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Pakistan's defense minister on Sunday predicted victory to be just days away in the government's month-long military offensive in the Swat Valley, a Taliban stronghold. Once that is accomplished, government officials said the military is likely to launch a second offensive in Waziristan, where Pakistani forces killed as many as 40 militants on Sunday.
Militant violence has been on the rise in Pakistan's tribal areas, raising concerns about the stability of a nuclear-armed nation that the US sees as vital to its war on terror. The region, located along Afghanistan's border, is home base for the Taliban's fight against Pakistan, as well as Afghan and US forces next door. South Waziristan alone is believed to host up to seven training camps for would-be suicide bombers, according to a detailed BBC map and accompanying briefing page.
On Sunday, Reuters reported that Taliban fighters attacked a paramilitary camp used by pro-government forces in the South Waziristan town of Jandola late on Saturday. Estimates of the number of casualties vary widely, and no figure has been independently confirmed.
"Militants came in force and attacked a paramilitary camp and fighting lasted for eight hours. At least 40 militants were killed while four soldiers died," said an intelligence official in the region who declined to be identified.
A military spokesman said the militants had been pushed back after a heavy exchange of fire. Up to 15 militants and three soldiers were killed, he said.
Government officials have said that a second offensive in Waziristan is likely after the Taliban has been defeated in Swat, the Reuters article added. That day may be fast approaching. The battle in South Waziristan comes one day after government forces retook Mingora, the largest town in the Swat Valley, a former resort area that has been taken over by the Taliban.
The town is far from the vacation spot it once was, reports the Associated Press. One day after the Taliban fled, residents emerged from hiding to find damaged buildings, empty markets, and two unburied bodies – apparently of insurgents – in a cemetery.
"We have been starving for many days. We have been cooking tree leaves to keep ourselves alive. Thank God it is over," a man called Afzal Khan told the AP. "We need food, we need help. We want peace."
As many as 300,000 people lived in the town before it was occupied by Taliban last month, reports Reuters. Since the beginning of the government offensive in late April, more than 3 million people in the region are believed to have fled their homes.
"Operations in Swat, Buner and adjoining areas have almost met complete success," the secretary of defence said.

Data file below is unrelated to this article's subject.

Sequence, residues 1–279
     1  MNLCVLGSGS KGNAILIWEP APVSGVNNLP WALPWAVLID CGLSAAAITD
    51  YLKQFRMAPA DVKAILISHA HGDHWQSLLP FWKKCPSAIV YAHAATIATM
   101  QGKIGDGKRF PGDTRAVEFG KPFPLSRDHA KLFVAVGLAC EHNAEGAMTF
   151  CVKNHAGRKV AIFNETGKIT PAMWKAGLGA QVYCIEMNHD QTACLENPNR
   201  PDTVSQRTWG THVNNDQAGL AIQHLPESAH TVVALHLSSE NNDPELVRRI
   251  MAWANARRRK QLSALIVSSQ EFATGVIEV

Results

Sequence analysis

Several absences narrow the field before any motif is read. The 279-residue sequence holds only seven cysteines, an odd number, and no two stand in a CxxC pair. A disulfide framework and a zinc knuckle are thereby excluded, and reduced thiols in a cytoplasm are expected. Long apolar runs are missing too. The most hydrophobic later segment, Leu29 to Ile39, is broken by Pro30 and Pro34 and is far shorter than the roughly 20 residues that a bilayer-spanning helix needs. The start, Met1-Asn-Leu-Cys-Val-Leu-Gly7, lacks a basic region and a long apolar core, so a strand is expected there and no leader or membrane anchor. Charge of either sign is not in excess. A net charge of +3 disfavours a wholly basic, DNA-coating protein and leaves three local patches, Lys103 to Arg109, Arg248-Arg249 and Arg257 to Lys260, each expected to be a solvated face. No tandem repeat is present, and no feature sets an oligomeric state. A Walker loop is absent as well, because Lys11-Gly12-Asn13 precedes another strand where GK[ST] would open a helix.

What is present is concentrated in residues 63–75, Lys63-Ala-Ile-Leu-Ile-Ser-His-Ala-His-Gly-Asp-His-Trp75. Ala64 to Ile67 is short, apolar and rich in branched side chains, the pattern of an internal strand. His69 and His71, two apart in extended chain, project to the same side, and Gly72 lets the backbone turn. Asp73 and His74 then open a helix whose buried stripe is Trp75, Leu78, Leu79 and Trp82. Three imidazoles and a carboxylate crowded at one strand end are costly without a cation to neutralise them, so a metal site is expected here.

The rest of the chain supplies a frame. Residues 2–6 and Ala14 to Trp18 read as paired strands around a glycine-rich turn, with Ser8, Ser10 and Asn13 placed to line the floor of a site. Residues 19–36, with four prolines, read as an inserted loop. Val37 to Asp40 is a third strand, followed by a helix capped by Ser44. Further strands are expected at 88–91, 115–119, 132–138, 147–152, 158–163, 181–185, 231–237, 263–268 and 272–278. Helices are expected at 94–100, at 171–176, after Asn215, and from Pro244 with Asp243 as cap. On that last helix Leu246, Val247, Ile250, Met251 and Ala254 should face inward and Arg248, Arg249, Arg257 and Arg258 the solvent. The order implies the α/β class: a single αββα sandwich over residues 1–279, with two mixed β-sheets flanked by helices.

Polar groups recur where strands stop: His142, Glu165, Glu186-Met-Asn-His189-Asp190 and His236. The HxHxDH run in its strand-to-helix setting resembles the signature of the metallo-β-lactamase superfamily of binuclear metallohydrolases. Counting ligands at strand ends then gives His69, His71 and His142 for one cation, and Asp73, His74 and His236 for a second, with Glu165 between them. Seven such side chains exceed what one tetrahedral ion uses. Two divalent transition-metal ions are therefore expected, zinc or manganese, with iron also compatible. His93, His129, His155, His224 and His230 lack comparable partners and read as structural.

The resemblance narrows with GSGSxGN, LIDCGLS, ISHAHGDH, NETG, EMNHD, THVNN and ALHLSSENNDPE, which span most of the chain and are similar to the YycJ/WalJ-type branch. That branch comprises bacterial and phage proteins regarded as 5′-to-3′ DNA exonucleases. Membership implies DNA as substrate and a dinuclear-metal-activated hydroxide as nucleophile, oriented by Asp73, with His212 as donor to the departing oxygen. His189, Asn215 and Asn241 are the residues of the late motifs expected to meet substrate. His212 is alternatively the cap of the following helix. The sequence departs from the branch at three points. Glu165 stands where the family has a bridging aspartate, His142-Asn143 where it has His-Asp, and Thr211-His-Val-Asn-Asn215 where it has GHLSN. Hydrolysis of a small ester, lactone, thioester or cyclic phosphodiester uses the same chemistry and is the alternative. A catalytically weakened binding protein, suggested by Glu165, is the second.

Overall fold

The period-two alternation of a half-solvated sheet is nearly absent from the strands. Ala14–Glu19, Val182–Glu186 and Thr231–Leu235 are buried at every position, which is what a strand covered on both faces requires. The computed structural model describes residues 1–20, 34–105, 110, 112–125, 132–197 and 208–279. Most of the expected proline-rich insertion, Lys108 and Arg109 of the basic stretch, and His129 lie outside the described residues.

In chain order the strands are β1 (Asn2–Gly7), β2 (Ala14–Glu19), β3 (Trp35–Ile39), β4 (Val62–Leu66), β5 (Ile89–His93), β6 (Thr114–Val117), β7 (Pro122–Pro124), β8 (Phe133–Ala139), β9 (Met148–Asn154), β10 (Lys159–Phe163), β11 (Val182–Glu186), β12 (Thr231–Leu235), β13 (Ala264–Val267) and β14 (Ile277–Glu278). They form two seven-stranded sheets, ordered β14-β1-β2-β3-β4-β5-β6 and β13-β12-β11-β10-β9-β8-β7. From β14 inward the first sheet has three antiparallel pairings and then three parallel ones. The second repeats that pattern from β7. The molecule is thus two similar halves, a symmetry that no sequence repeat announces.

"Only five to ten percent job is remaining and hopefully within the next two to three days these pockets of resistance will be cleared."
The most recent Swat offensive is Pakistan's third attempt to push the Taliban from the region, reports the New York Times, and is by far its most successful. The key ingredient appears to be the backing of the public, which has so far been supportive of the Swat offensive, according to military spokesman Maj. Gen. Athar Abbas.
Pakistan's military has conducted two previous operations in Swat, but each involved fewer ground troops than this offensive, and they were criticized as causing too much harm to civilians without discernible gains against the Taliban.
Now, General Abbas said, the Pakistani public seems to be firmly behind the expanded offensive. "The military feels it's in a much better position to finish the job because it has public support," he said.
Soldiers' deaths have been commemorated in emotional public ceremonies, and news channels have been praising troops with segments with headlines like "All the Right Moves."
But as government forces close in on the Taliban, the militants have been striking back, often far from the combat zone.
Pakistani daily Dawn reported Sunday that 80 civilians have been killed, and scores more injured, in 14 bombings that have struck Pakistani cities since the start of the government assault at the end of April.
Attackers are becoming increasingly sophisticated, analysts say, executing commando-style assaults armed with suicide vests, vehicle bombs, guns, grenades and rockets.
Over the last two weeks in Peshawar, bombs have exploded outside a cinema, near crowded electronics shops, at a police checkpoint and even alongside a bus full of children with special needs.
And in Lahore, Pakistan's entertainment capital, a bomb, gun and grenade assault killed 24 people and partially damaged the provincial headquarters of the country's premier spy agency on Wednesday.
It was the third spectacular assault in and around the eastern city — hundreds of miles from the offensive in the northwest — in as many months.
General Abbas, the military spokesman, said 1,217 militants have been killed since fighting began, reports Reuters. An estimated 81 soldiers have been killed, and 250 have been wounded.
Newspaper columnist Shafqat Mehmood tells Dawn he sees the bombings in Lahore and Peshawar as a sign of the Taliban's growing desperation in the face of such steep losses.
'Militants are under pressure and will employ any tactic to cause maximum damage. Urban terrorism is one of those tactics,' said Mehmood.